Category Archives: Tdf trip planning

Information on seeing the Tour de France in person, including the process I go through myself each year- figuring out the TdF route, finding places to stay, rental cars, trains & more.

If you don’t take a few “wrong” turns now and then, you’re missing out

Kevin and our bikes at the top of the Col du Soulor
Kevin and our bikes at the top of the Col du Soulor

The plan was to head up the Tourmalet and finish the job we started a few years ago, when an over-zealous Gendarme decried that “none shall pass” about three miles from the top of the mountain. Today we would avenge that. Or so we thought. Turns out that the annual citizens race, where 12,000 people get to ride a stage from the Tour de France a few days ahead of the actual race, was today. I had thought it was going to be tomorrow. So we get to the base and it’s clear, we need to do something else.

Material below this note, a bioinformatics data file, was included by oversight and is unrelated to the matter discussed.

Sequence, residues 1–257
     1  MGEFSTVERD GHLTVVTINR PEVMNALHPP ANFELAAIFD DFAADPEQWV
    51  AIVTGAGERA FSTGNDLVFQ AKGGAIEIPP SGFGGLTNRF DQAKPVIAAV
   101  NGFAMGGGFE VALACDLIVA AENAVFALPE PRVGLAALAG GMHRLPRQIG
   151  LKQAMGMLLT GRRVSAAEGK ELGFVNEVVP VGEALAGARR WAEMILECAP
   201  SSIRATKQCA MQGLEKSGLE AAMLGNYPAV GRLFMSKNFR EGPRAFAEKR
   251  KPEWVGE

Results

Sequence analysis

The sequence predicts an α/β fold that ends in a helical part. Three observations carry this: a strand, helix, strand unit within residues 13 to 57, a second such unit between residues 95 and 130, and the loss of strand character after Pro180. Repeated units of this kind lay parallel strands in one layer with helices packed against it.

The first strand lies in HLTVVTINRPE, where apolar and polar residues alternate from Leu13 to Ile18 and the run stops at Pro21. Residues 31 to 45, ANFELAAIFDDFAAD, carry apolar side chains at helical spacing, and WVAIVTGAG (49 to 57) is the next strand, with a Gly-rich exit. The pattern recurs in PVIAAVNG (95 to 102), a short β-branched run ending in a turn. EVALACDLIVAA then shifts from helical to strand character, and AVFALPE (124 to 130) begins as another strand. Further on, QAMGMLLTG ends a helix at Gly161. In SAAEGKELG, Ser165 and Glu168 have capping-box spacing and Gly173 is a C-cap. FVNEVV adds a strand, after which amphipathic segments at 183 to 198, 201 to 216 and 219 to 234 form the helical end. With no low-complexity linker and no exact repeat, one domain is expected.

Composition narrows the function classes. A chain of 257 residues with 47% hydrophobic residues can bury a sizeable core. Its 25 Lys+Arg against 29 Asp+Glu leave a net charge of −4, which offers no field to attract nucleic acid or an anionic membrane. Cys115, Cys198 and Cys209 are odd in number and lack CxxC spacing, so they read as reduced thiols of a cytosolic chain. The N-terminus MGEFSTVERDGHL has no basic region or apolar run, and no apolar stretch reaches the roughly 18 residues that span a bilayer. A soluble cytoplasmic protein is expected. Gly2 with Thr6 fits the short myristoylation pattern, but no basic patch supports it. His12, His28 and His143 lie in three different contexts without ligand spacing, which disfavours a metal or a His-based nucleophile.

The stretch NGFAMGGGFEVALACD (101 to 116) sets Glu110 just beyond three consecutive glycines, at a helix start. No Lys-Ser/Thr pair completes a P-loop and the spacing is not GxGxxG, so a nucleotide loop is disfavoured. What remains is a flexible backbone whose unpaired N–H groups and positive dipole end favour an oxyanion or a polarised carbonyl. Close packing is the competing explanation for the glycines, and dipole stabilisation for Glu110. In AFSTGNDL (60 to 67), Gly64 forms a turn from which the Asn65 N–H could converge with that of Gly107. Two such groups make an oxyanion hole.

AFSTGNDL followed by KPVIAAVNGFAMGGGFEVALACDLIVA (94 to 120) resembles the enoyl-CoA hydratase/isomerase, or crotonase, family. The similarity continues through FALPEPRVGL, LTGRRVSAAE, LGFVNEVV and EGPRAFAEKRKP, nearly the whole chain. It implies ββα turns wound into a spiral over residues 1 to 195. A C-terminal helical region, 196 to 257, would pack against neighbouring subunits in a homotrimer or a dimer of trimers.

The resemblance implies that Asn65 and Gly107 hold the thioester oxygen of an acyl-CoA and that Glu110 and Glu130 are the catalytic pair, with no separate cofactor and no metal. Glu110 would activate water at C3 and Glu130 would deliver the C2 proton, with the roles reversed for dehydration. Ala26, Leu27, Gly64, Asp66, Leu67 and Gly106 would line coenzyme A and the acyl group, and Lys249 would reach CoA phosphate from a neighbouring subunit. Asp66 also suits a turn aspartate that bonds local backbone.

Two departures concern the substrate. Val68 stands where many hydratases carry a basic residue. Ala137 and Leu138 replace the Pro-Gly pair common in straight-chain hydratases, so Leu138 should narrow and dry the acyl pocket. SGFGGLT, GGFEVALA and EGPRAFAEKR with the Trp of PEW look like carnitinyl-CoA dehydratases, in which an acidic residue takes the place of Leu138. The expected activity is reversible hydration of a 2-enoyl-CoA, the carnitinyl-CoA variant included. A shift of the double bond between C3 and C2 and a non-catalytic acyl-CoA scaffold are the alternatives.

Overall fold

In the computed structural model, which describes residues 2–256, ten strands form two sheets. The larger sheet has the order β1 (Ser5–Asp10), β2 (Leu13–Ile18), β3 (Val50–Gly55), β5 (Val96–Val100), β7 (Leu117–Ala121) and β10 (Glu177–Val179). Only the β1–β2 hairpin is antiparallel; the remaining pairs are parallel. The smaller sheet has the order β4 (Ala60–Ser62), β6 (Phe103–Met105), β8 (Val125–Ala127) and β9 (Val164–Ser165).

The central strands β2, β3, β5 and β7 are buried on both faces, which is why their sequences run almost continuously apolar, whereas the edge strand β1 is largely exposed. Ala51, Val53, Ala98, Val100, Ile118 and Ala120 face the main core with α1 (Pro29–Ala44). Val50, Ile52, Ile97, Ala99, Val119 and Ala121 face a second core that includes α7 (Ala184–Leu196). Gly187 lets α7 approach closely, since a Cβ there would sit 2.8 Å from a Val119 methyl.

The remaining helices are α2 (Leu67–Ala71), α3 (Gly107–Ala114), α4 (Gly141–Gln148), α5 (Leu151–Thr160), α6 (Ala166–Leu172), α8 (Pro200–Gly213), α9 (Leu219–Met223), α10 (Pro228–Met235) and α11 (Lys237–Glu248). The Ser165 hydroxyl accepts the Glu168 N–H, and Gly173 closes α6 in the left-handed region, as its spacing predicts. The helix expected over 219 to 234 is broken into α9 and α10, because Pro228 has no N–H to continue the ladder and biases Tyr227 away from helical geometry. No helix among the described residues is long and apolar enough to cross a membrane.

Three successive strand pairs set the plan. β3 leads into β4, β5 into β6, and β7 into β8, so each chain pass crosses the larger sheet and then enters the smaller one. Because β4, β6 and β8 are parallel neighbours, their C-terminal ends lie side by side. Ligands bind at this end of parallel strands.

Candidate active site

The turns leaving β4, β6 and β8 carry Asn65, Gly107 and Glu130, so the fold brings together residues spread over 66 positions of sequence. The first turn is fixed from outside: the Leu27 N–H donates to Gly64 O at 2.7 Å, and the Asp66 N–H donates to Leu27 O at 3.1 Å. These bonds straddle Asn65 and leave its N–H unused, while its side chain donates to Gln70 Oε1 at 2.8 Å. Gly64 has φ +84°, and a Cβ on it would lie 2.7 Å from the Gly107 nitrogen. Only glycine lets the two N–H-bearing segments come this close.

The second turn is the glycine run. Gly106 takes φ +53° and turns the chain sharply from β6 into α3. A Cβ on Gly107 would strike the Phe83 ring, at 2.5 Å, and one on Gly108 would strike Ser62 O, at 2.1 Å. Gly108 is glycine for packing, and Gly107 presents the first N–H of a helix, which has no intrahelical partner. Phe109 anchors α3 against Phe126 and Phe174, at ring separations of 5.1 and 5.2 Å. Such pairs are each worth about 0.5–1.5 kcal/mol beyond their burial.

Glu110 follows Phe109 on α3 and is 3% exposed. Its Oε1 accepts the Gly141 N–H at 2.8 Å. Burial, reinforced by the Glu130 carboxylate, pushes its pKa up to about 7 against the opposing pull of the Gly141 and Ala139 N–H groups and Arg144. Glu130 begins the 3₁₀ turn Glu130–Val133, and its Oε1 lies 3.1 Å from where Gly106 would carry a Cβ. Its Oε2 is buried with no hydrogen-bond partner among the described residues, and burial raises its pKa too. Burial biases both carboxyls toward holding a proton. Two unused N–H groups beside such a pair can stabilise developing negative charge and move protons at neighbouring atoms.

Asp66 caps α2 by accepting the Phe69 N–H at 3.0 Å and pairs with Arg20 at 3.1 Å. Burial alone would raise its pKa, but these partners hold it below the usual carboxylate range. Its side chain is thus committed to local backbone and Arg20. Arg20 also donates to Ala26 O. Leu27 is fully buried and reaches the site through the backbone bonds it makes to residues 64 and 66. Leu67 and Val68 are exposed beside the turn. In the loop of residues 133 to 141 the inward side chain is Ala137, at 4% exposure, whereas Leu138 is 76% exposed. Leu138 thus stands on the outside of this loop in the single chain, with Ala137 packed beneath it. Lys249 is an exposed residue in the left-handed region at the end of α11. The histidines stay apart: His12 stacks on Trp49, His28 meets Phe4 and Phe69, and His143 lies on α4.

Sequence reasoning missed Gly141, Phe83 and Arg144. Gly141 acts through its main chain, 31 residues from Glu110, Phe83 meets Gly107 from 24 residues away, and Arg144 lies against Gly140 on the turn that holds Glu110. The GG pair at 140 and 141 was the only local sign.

So I looked at Google Maps on my iPhone and saw this cute little road D13 quite near to us, which headed up into the mountains to a place named Lac Estaing. What I didn’t realize is that we need to make a left onto D103… so instead we looped around (in a stunningly-beautiful area I’d not ridden previously) until we eventually came upon… D918. That sounded familiar. We headed in the direction that I thought we should head in, and the surrounding started looking familiar. And soon enough, we saw signs indicating this was the road to the Aubisque/Col du Soulor. Kevin noted that it was only 2:30pm so, why not? Why not indeed. So our supposed-to-be-easy ride was now heading up into the clouds, both literally and figuratively, which then began to rain, and get really cold, and after a while what kept us going was knowing that we had warmer clothing with us that we could put on at the top, and the cafe.